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My earliest Christmas-tree memories are not of candy canes or twinkling lights, but of cold knuckles and snow boots. Always, in the first week of December, our family would tromp out through the early-winter cold to the farthest corners of a Christmas-tree farm in search of the perfect specimen. Papa Kelly was a big fan of "roof scrapers," something we'd have to trim just to stand it up straight. But since moving to San Diego, I've been contenting myself with lot trees, mostly out of convenience. I never seem to plan ahead for that trek to the tree farm. This year, I decided to revive the tradition. This year, the Kelly clan will take saw in hand."We grow the Monterey pine," said Richard Gass, owner of Family Christmas Tree Farm in El Cajon (619-448-5331; www.cachristmas.com/familychristmastreefarm ). "It's the tree of choice for choose-and-cut farms in Southern California. It's basically the only tree we can grow that looks nice -- it's a dark green, and it holds its needles really well. It's like a cut flower -- if you take it home right away and put it in water, it'll stay fresh right through to January."

Growing a Monterey Pine into a decent-sized Christmas tree "takes approximately five to six years," said Gass. "That will give you a six- to seven-foot tree. We plant them from what we call bare root, or seedling. In the first year, we'll do some top pruning to maintain the top. In successive years, the top pruning has to be done monthly. All pines are just pines until they are shaped into Christmas trees. We have to do a lot of side shearing. I use a knife because it gives a nice, clean shape. Other people use hedge clippers or power clippers, but I like the knife. It looks like a long bread knife; you have to swing from top to bottom to make a nice, clean cut on the young growth. I walk through at least once a month." While he's walking the lot and pruning, Gass can make assessments about water and pests -- his chief enemies are the pine tit moth and mites (the latter suck chlorophyll out of the needles, taking the green out of evergreen).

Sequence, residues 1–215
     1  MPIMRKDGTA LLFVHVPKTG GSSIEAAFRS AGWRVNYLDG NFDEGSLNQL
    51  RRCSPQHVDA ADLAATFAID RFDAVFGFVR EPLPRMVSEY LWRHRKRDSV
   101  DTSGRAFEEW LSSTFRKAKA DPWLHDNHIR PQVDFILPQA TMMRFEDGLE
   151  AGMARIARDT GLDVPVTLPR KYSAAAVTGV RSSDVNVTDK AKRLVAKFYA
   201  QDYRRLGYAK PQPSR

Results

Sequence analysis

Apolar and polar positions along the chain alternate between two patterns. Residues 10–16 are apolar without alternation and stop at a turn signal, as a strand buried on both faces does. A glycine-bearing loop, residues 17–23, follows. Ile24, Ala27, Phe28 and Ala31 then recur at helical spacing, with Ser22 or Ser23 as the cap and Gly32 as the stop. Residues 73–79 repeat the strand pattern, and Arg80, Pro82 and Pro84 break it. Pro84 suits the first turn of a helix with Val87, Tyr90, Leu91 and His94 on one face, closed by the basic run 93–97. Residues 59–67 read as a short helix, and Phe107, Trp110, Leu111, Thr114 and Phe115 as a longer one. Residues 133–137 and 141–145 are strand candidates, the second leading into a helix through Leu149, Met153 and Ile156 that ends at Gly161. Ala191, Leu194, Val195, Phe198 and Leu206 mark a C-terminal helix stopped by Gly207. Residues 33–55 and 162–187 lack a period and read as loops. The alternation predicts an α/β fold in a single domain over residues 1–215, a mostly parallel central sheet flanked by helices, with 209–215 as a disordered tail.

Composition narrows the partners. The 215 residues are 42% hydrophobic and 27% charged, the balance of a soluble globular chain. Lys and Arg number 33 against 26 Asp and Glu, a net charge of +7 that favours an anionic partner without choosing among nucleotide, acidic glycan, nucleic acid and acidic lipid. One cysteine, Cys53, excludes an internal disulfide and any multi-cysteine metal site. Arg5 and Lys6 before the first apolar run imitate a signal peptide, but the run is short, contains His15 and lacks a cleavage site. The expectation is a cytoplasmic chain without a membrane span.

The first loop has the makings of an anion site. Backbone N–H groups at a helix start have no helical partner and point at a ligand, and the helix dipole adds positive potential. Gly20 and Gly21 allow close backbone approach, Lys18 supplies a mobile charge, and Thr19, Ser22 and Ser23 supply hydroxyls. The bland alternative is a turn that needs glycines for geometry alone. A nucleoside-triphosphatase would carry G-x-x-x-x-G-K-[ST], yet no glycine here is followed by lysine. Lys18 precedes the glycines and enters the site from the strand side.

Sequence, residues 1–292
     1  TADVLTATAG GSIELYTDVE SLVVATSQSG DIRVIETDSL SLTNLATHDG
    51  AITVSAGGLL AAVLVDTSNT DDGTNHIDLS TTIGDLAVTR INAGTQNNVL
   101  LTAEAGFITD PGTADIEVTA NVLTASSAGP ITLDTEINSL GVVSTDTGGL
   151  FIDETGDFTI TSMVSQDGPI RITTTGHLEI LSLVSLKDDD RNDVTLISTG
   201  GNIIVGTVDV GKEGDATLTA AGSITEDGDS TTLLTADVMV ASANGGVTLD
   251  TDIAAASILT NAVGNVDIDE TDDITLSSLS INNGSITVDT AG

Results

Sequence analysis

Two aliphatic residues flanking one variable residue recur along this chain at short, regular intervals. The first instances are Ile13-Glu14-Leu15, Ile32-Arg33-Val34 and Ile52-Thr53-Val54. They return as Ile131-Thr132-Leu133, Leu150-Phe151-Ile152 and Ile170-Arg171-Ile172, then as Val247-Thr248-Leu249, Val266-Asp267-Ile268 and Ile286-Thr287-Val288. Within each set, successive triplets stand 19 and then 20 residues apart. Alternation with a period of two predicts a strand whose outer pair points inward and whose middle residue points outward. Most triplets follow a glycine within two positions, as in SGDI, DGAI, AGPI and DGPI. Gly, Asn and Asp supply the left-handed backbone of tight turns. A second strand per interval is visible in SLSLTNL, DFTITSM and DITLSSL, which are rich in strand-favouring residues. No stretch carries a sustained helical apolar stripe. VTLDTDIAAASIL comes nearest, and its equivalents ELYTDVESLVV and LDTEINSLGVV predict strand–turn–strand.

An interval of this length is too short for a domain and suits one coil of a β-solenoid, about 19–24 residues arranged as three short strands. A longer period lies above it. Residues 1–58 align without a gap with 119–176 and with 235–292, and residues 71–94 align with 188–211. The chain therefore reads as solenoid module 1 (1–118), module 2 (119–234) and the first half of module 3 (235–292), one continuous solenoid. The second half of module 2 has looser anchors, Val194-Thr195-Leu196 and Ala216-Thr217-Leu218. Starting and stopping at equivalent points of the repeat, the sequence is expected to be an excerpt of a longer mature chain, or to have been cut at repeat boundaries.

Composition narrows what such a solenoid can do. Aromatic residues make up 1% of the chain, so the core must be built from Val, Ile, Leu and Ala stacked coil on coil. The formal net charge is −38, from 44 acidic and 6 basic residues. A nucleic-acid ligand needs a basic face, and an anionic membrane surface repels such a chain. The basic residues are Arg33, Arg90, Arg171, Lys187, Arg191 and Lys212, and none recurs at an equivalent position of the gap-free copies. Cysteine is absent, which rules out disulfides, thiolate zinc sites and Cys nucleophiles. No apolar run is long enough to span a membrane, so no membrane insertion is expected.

The average price for choose-and-cut trees, said Gass, "is $40 to $50 . The tags are on the trees; they go from $29 all the way up to $200 for the really tall ones. We provide the bow saw -- I try to keep them sharp. You go out there, get on your knees, and hack away -- it doesn't take very long. The average tree weights 20 to 25 pounds; two people can handle it. You bring it to us, and we shake it to drop out any dead needles or lizards that are in it. Then we can net it for you, and if you'll be putting it in water within an hour, we'll re-cut the butt." (Otherwise, Gass advises re-cutting the butt yourself before watering the tree.) "And we can also do a flame-retarding. We spray a salt on the tree that will keep flame from spreading. But your best bet is to keep the tree moist, keep it green. That way, it won't burn. Keep the water level above the bottom of the tree."